What does it mean to be poor in America? Living on the street and eating meals at a soup kitchen? Or in a run-down house or apartment with little furniture inside? The poverty line for 2011 – $22,000 for a family of four or $11,000 for a single person – doesn’t sound like much. But a new Heritage Foundation report on what conditions in low-income households actually look like might surprise you:
- 43% of low-income households own their own home
- 73% own a car
- 98-100% have a fridge, television, stove and oven
- 78% have air conditioning
In addition, low-income families aren’t that far behind the rest of America in terms of owning non-essential electronics like stereos, computers, DVD players, and even video game systems. Looking at this graph and knowing that one-fourth of Americans have no emergency savings sort of makes you question where everyone’s priorities lie.
But quality of life is about a lot more than whether you have a coffeemaker or dishwasher in your house. Heritage’s purpose with all of this is to call into question our definition of poverty by demonstrating that low-income families in the U.S. are living much better lives, in some ways, than most people in the rest of the world and throughout U.S. history. Extreme material deprivation is no longer very common in the U.S., which is something to celebrate. Instead of taking this to mean that poverty isn’t a problem anymore, we should recognize that our current challenges are less visible and harder to fix, but no less important. What poverty in America really looks like is poor health outcomes, lower life expectancy, reduced educational opportunities, higher rates of crime victimization, and a host of other challenges. In other words, there’s still plenty to be concerned about.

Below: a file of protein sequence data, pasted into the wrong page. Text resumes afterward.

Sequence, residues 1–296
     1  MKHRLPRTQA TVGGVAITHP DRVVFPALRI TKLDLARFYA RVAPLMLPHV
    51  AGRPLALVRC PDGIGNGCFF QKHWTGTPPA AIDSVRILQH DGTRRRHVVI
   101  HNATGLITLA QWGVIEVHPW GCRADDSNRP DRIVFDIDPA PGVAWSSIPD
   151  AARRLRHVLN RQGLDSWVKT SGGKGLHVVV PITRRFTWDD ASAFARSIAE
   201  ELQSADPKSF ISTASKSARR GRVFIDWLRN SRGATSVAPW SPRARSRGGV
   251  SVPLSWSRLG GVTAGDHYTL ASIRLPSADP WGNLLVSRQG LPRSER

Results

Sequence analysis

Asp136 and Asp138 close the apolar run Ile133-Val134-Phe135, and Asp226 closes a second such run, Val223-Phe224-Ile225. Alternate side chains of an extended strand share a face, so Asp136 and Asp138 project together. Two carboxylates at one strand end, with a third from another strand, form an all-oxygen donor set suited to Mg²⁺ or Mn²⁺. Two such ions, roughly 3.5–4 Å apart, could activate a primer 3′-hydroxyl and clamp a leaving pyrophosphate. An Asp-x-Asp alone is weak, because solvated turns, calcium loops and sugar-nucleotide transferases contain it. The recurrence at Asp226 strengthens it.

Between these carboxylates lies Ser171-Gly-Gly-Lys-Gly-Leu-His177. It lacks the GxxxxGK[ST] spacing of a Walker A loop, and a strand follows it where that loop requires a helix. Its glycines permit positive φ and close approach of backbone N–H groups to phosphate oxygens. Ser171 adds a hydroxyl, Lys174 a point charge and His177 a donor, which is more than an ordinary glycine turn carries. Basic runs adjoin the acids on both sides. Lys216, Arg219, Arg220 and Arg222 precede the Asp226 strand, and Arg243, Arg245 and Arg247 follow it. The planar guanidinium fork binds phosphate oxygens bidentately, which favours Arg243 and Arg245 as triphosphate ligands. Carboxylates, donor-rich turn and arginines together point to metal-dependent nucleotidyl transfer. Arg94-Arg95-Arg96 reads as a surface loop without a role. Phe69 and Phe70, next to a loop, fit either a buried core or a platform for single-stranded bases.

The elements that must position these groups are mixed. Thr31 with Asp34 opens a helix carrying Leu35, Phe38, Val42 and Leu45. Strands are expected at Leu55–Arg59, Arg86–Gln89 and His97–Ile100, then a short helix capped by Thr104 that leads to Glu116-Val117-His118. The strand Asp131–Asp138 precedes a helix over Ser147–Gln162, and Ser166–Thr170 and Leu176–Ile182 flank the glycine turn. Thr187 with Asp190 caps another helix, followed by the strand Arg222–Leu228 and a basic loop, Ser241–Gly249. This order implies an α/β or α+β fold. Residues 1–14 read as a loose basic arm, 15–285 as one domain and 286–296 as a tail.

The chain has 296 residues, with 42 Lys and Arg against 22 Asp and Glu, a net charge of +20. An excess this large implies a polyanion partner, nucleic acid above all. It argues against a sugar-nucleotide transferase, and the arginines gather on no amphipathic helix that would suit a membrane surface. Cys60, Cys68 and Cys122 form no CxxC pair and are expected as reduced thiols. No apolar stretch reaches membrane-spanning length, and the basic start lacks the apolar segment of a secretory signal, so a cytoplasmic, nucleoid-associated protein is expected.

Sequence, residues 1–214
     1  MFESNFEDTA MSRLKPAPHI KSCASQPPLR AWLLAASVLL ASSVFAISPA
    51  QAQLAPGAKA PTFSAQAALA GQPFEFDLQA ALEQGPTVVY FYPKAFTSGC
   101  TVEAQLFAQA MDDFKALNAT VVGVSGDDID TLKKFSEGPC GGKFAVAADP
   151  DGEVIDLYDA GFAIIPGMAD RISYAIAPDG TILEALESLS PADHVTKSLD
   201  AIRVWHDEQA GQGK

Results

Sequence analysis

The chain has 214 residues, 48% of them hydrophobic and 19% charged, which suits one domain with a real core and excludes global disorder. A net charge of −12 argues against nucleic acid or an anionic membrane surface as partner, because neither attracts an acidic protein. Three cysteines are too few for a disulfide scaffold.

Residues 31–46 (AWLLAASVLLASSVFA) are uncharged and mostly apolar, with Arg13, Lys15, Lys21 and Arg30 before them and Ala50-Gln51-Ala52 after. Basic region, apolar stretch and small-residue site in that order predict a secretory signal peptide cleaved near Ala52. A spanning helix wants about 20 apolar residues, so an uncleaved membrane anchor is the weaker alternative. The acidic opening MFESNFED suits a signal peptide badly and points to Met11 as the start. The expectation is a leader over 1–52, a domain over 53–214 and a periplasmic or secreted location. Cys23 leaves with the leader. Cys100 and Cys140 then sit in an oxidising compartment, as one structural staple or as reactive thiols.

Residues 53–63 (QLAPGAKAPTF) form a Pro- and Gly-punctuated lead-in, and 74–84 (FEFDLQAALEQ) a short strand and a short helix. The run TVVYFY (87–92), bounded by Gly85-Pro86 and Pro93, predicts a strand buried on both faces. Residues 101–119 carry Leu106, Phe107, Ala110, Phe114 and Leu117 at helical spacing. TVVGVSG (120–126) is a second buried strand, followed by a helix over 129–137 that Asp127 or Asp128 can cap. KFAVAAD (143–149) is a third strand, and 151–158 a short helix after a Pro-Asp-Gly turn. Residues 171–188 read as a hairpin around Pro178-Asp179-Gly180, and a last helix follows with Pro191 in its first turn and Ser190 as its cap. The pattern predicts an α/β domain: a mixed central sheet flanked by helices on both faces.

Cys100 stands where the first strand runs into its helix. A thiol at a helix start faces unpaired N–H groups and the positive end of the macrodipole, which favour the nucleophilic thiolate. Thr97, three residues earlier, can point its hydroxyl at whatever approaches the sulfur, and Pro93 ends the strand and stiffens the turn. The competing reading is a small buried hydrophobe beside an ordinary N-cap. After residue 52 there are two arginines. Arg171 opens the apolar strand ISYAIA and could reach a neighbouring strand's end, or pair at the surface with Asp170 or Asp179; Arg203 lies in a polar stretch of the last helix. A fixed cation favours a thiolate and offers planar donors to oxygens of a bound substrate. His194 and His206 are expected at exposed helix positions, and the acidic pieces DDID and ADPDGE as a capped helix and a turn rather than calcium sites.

Furthermore, even though the vast majority of low-income families in America aren’t homeless or starving, the number that are is not insignificant. The data Heritage cites in its report show 1 in 68 poor people are homeless on any given night and 6% report instances in the previous 4 months when there wasn’t enough food to eat in their household (more recent USDA statistics show slightly higher rates). In a country with a GDP of $47,000 per capita, which puts us on the worldwide top ten list, the fact that this kind of stuff still exists at all, no matter how rare, is depressing.
Air Conditioning, Cable TV, and an Xbox: What is Poverty in the United States Today?
Heritage Foundation // Robert Rector and Rachel Sheffield // July 18, 2011
How Poor Are America’s Poor? Examining the “Plague” of Poverty in America
Heritage Foundation // Robert Rector // August 27, 2007